.State Flour Pizza Company: Elmwood gets its own dedicated pizza joint

There are any number of reliable restaurants to choose from in the Elmwood neighborhood. The list includes, but is not limited to, Gordo’s burritos, Nabalom’s pastries, King Yen’s lettuce cups and the Middle Eastern plates at La Méditerranée.

While pizzas are on the menus at Summer Kitchen and, during the day, at Nabolom, round pies are the main focus at State Flour Pizza Company. State Flour’s chef and owner, Derek Lau, spent three years running the kitchen at Suppenküche, in addition to a stint at PizzaHacker. 

When asked what type of pizza he decided to make at State Flour, Lau was less interested in coming up with a strict definition. “I was really influenced by the stuff I had in New York and Connecticut,” he said. Lau also said PizzaHacker exerted an influence on his approach, but he doesn’t try to claim any particular style. After trying a couple of them, most diners, and pizza fanatics, would say they have a lot in common with Neapolitan pizza.

Both the Burrata ($22) and the Classic Pep ($22) had thin, blistered crusts with a few, easily identifiable toppings. “I really like the New Haven char. I like Neapolitan cubes of cheese,” Lau explained. “Not all New York slices are thin crust, but I really like thin crust pizza.” And he likes to use fresh California produce. His current menu leads with an arugula, cherry tomato and squash pizza. Another includes roasted cauliflower, garlic confit, pine nuts and parsley. 

Years ago, the space belonged to Locanda Olmo, which eventually gave way to Troy and then to the recently closed Thai restaurant, Gai Barn. Lau’s approach to interior design is decidedly minimal. Where Locanda Olmo went in a maximalist direction, State Flour’s walls are a warm off-white without a single thing hanging on them. “I want to add some plants in the front area,” he said, “but to be honest, like all restaurants, we went a little over budget.” During the restaurant’s first month, getting the food right has been at the forefront of his mind.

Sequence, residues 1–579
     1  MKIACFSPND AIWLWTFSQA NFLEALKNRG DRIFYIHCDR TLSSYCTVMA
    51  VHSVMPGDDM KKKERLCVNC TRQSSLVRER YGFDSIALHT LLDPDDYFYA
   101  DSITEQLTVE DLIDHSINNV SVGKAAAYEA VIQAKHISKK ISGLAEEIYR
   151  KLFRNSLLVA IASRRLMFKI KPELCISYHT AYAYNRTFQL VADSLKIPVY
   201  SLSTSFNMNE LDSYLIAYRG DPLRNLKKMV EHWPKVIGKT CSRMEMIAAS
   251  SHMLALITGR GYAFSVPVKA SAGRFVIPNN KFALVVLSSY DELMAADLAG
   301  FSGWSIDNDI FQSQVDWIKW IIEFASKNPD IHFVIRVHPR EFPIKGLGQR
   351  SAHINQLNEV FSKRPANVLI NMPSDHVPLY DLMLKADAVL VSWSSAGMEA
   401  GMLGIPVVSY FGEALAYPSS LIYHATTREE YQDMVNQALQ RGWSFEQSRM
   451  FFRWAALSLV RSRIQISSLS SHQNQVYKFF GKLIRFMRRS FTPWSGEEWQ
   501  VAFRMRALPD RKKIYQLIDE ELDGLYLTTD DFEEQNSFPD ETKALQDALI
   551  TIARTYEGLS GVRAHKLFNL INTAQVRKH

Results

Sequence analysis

Despite the current low-key interior, the bustling kitchen emanates a warm, welcoming vibe. You can feel it while you’re passing by on the street. Instead of table service, customers order at the front counter before settling in at a table upstairs or downstairs. The vibe is due in part to Lau’s friendly demeanor—he sometimes serves the pizzas himself—and to the pay structure he has implemented. Lau compensates all of his employees with the same hourly wage. Front and back of house positions all share the tips.

“For me, it goes over well being able to balance out wages,” he explained. “Sometimes, the person in the back or the dishwasher gets the least amount of compensation. What I’m trying to do is build camaraderie, where everybody’s making the same. So we’re all in this together and one big team.”

Lau is a father and a family man. “I wanted State Flour to be a family-oriented place where mom and dad can grab pizza and the kids are happy,” he said. There’s a kids-sized pizza ($18) on the menu too. But mom and dad can also have a glass of wine or a salad, so everyone’s happy. “It’s really casual and convenient. That was one of the ideas about the space and the reasoning behind the menu.”  

Last week, Lau posted a photo of a panna cotta topped with fresh blueberries ($7). In person, it tasted as good as it looked online—as did the chocolate mousse ($7). “I think the neighborhood expects us to be just a take-out pizza house,” he said. “But we put a lot of effort into other things, and I don’t think people realize that.” Lau’s idea was that whatever State Flour makes has to meet a certain standard. “Hopefully, if you like the food I’m putting out, you can just close your eyes, point at something and you’ll be happy.”

State Flour Pizza Company, open Tues to Sat 5–9pm. 2985 College Ave., Berkeley. instagram.com/stateflourpizza.

East Bay Express E-edition East Bay Express E-edition